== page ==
Observation Deck

Washington’s Ministry of Preemption

To stop security breaches before they happen, U.S. intelligence agencies are surveilling everything.


On April 7, an odd-looking jet landed at Kadena Air Base on Okinawa, Japan. Codenamed Constant Phoenix, it was a U.S. Air Force version of a Boeing 707 but with round pods on the fuselage designed to “sniff” the atmosphere for radioactivity. Eight days later, across the East China Sea, North Korea would be celebrating the “Day of the Sun,” marking the 105th birthday of its founder, Kim Il Sung. And because many in the Donald Trump administration were concerned that the festivities would include a very big surprise — the country’s sixth nuclear test — Constant Phoenix was on alert. But when the celebrations ended, the surprise was on the Koreans, whose missile launch failed.

The unexpected has always been the enemy of intelligence. That’s why a small group of Ph.D.s and research scientists are employed by a secretive organization in the Maryland suburbs of Washington, D.C., to take the surprises out of intelligence: the spy world’s premier research center, the Intelligence Advanced Research Projects Activity (IARPA), which reports directly to the Office of the Director of National Intelligence.

For decades, from the first World Trade Center bombing to 9/11 to the recent Syrian poison gas attack, U.S. intelligence agencies have consistently been caught off guard, despite hundreds of billions of dollars spent on spies, eavesdroppers, and satellites. IARPA’s answer is “anticipatory intelligence,” predicting the crime or event before it happens.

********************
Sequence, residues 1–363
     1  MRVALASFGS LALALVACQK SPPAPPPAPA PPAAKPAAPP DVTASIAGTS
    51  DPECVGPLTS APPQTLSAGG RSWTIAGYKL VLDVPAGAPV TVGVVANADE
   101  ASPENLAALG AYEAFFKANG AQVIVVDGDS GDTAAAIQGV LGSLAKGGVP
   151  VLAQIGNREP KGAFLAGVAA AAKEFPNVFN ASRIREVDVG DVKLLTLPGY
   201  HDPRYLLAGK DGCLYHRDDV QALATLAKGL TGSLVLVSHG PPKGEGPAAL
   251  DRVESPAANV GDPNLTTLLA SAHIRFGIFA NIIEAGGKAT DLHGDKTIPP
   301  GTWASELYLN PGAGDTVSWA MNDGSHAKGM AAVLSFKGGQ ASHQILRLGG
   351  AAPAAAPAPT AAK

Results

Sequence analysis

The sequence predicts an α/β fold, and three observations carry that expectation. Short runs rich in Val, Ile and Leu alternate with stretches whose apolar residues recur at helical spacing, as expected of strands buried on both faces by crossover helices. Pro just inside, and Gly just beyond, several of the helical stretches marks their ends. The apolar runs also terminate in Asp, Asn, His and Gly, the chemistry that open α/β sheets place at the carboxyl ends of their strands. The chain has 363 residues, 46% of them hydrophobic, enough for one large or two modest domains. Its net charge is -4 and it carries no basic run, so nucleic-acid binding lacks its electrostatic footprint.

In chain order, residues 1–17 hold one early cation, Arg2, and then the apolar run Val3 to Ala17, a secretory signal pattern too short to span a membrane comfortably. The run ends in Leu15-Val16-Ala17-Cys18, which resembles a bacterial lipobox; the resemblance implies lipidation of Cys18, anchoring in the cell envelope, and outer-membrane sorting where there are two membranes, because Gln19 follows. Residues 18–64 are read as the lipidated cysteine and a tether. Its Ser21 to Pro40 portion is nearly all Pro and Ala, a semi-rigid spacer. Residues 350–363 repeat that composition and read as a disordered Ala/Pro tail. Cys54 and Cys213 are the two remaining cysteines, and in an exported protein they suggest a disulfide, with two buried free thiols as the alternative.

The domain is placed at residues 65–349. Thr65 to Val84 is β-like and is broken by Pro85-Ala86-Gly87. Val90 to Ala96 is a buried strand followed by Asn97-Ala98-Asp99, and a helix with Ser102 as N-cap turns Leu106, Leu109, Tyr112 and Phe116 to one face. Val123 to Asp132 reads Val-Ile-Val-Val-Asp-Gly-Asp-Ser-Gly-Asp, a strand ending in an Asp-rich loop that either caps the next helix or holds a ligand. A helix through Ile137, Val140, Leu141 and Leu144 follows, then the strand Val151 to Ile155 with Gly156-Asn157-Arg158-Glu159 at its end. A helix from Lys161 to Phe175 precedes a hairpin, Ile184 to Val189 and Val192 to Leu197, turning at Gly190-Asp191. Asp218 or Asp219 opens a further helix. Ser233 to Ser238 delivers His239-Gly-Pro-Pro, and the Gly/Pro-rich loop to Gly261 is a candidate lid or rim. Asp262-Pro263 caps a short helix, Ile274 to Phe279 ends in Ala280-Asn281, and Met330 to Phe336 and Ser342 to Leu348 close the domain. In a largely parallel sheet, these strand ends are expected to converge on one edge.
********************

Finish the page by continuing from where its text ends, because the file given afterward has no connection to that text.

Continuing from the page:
Like a scene from Minority Report, the 2002 film where criminals are caught and punished by a “precrime” police force before they can commit their deeds, IARPA hopes to find terrorists, hackers, and even protesters before they act. The group is devising robotic machines that can find virtually everything about everyone and issue automatic “precrime” alerts.

That’s the idea behind the agency’s Open Source Indicators (OSI) program: Build powerful automated computers, armed with artificial intelligence, specialized algorithms, and machine learning, capable of cataloging the lives of everyone everywhere, 24/7. Tapping real-time into tens of thousands of different data streams — every Facebook post, tweet, and YouTube video; every tollbooth tag number; every GPS download, web search, and news feed; every street camera video; every restaurant reservation on Open Table — largely eliminates surprise from the intelligence equation. To IARPA, the bigger the data, the fewer and smaller the surprises.

If all this sounds familiar, it is. In 2002, the U.S. Defense Department created Total Information Awareness (TIA). Similar to IARPA’s OSI, TIA’s goal was to create a “virtual, centralized grand database” made up of unclassified, publicly available information. But following press reports and a public outcry, Congress killed it. However, the Pentagon secretly shifted some resources to the National Security Agency’s own research center, the Advanced Research and Development Activity (ARDA). Then, in 2007, ARDA quietly morphed into IARPA.

Even more troubling is IARPA’s secretive program Mercury, which focuses on data mining private communications collected by the NSA. Last year, for example, the agency collected more than 151 million phone call records involving Americans, according to a U.S. intelligence community report released May 2. Worldwide, the number is likely in the billions.